Category: Newsletter – Principal’s News

The Power of Specific Positive Feedback

At Clinton Elementary School, we acknowledge positive behavior when we see it. We know that when we give specific positive feedback to students, it greatly increases the likelihood that the behavior will be repeated. In fact, you can improve behavior by 80% just by pointing out what someone is doing correctly.  Now that’s powerful! To shape behavior we connect the specific behavior to the expectation.

At Clinton, students hear statements like this from adults in the building:

“Sara, thank you for being responsible by following directions and getting started right away. Finishing your work at school means no homework!”

“Jamar, thank you for being safe by keeping your hands at your side when walking in the hallway.”

Students receive “I Got Caught” tickets from staff members when they are doing the right thing.  Students receiving “I Got Caughts” have their tickets entered into a weekly drawing and at the end of the quarter, all names go into a school-wide drawing and their names are announced at the Clinton Comet Celebration of Excellence.

PBiS – Positive Behavior Interventions and Support

Lincoln Public Schools support the academic and behavioral needs of all students. Data is used to determine if students need additional support and to monitor student success. One of the first additional supports that a student may receive is called Check-in Check-out (CICO). Check-in Check-out is an intervention which increases the positive relationship with adults in the school through specific feedback. Specific feedback helps to teach and shape behavior. Students who are participating in CICO receive feedback several times a day as well as a numeric score. A student might hear, “Great job for being responsible today and starting your work right away.” At Clinton, our Check-in Check-out system is called Clinton Comet CICO Club. To learn more about the implementation of PBIS within Lincoln Public Schools please visit www.lps.org keyword PBIS.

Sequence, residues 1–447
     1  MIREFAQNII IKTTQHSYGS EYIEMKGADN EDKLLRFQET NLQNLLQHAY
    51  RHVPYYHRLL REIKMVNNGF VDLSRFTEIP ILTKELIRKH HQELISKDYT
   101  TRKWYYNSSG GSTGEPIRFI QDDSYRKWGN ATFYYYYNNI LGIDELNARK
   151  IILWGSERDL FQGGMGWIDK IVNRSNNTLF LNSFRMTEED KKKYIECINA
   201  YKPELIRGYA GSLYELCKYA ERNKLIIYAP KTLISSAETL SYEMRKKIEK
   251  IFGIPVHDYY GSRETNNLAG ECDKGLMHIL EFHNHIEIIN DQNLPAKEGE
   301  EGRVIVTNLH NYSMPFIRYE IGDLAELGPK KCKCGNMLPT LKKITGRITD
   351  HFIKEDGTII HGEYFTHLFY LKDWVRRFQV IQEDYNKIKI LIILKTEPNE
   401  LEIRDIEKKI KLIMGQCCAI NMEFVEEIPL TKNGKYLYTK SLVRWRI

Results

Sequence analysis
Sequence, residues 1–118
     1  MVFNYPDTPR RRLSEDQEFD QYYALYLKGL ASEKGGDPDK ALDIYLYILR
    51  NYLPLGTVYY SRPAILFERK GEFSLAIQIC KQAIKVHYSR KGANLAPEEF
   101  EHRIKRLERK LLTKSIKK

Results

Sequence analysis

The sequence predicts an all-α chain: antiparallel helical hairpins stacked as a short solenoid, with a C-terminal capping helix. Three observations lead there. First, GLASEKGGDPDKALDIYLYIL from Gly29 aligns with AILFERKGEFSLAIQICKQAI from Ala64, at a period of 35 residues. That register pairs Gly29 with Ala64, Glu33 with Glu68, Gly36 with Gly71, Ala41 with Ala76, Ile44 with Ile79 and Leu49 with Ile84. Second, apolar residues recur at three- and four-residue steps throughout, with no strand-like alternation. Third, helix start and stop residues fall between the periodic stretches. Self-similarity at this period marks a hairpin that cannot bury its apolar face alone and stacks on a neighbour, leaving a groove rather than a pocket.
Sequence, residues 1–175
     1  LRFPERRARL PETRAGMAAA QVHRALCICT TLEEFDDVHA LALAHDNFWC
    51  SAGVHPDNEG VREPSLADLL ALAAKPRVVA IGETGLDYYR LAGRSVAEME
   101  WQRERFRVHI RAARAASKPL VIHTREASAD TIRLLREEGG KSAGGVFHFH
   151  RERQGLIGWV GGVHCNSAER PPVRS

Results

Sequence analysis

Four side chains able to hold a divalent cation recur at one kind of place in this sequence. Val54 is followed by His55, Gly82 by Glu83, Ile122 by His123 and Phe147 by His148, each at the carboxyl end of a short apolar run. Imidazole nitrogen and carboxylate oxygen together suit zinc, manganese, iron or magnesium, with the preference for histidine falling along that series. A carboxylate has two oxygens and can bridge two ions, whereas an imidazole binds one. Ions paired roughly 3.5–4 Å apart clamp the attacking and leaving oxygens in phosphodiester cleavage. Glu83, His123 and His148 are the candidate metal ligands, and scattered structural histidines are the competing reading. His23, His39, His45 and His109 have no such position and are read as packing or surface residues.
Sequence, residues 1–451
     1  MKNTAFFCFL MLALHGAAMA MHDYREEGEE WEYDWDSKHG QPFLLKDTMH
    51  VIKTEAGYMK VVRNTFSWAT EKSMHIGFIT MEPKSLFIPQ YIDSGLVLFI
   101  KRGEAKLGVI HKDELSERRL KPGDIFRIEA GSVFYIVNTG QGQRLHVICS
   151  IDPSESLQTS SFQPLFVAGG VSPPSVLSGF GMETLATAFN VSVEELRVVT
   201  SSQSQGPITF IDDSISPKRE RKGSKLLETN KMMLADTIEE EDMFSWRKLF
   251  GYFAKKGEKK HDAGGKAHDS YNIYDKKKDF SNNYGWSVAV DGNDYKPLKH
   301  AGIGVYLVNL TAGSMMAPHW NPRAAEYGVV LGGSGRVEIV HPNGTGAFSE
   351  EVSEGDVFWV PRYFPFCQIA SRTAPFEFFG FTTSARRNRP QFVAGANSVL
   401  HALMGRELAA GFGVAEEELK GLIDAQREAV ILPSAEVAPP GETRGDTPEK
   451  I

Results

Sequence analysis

Halloween

10/28/2016
Dear Clinton Families,
Halloween is quickly approaching. No costumes, candy or treats are allowed at school on Monday,
October 31. Also, remind students to leave any candy or treats they receive on Halloween at home.
Thanks so much for your help with this matter.
Sincerely,
Angee Luedtke
Principal
Clinton Elementary

Blast off to a great year of learning!

August 24, 2016

Dear Clinton Families,

We are off to a great start to the school year. It has been wonderful having all of our Clinton scholars back with us as we “Blast off to a great year of learning!” We would also like to welcome all of our new students and families to Clinton Elementary. It truly is the greatest place to be!

Thank you to everyone for having your students to school on time each day. Remember, if your student is eating breakfast, they should arrive at 7:45 (no earlier). If they do not want to eat breakfast at school, they should arrive closer to 8:00. Remember to always use the crosswalks when coming to and from Clinton.